Proper backups would have been a Plan B, in case all the mirroring that they were doing got corrupted. Yes, the backups might have been corrupted as well, for the last month. That still would have given them a proper backup from a month ago, and then they could have just updated the files from the latest tarballs and just lost the last month's git history.

                          That would have been pretty bad - but not as bad as losing the entire git history.

                          Anyway, the sysadmin whose blog was linked discussed zfs, and wants to use it.
                          What if the corruption occurred 2 months ago? Honestly, there is usually no generic way to tell if a traditional backup is sane. If you do have a way to tell that a backup is sane and you need to go back months to fix things, then you really are losing quite a bit. Just like ZFS is not a substitute for backups, backups are not a substitute for early detection. With that said, I question why anyone who has an integrity check that could detect bad backups would not run it at the time of the backup.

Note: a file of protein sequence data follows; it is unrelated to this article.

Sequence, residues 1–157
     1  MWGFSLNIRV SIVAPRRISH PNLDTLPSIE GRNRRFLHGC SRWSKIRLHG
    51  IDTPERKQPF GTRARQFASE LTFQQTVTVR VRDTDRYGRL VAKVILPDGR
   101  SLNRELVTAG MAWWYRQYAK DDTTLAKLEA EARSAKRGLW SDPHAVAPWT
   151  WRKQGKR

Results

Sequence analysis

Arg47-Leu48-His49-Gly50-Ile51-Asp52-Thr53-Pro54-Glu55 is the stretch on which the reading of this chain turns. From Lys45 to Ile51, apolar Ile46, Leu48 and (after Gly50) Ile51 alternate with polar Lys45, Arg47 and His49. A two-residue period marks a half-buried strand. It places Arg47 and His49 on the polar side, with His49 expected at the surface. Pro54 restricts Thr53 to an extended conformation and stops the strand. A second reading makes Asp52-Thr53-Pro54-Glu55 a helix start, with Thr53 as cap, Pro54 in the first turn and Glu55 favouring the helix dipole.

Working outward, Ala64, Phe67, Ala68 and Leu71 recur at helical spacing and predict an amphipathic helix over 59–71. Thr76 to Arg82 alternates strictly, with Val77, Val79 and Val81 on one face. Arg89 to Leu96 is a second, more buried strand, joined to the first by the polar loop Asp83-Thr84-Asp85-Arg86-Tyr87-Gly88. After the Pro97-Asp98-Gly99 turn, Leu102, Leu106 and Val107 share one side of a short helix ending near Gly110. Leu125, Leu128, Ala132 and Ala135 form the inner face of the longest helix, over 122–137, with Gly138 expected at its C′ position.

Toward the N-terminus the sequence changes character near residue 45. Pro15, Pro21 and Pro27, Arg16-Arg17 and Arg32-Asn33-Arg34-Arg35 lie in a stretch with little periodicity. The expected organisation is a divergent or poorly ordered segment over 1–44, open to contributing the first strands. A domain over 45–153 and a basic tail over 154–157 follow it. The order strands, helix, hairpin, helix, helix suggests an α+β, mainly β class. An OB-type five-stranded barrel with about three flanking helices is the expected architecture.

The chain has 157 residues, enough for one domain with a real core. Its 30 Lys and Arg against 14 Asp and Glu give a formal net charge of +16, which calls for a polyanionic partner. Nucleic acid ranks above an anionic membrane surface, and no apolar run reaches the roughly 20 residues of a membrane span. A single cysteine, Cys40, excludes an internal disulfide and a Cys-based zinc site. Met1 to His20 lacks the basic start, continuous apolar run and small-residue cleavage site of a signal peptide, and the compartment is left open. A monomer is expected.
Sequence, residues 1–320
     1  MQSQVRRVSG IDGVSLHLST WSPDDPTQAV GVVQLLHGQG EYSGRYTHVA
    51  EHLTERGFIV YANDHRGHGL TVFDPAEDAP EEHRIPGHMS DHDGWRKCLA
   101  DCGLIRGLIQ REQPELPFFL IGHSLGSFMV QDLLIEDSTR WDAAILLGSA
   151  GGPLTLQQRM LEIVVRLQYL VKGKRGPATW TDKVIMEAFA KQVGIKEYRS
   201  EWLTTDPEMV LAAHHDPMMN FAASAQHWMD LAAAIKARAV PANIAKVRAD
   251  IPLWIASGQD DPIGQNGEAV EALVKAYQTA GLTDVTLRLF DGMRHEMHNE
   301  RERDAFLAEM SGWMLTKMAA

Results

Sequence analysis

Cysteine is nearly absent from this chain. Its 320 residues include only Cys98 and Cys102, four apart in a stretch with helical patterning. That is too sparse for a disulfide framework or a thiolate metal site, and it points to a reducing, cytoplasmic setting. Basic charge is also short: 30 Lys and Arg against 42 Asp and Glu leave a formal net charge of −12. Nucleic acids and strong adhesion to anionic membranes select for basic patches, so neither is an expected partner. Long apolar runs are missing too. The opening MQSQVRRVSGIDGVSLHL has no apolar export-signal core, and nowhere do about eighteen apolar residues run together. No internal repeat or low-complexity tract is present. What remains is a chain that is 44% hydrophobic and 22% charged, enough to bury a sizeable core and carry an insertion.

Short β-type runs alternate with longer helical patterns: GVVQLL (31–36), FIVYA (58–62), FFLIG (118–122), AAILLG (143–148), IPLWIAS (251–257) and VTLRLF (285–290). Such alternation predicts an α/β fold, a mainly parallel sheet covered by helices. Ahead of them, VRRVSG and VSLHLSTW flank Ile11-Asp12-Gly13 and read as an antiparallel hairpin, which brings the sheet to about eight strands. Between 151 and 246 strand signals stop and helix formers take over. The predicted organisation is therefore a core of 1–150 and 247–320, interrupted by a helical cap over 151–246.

Also, I just saw that Jeff Mitchell plans to deploy ZFS to prevent a recurrence of this. That is cool.
                          Last edited by ryao; 03-25-2013, 03:17 PM.

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                          • #14
                            Originally posted by ryao View Post
                            What if the corruption occurred 2 months ago?
                            Which is why your backups should go back farther. Use daily backups for a couple weeks, then weekly beyond that, then monthly, and so on. It doesn't take that much backup space to keep a yearly backup as far as when the project started. You just have to throw away the intervening backups at sane intervals.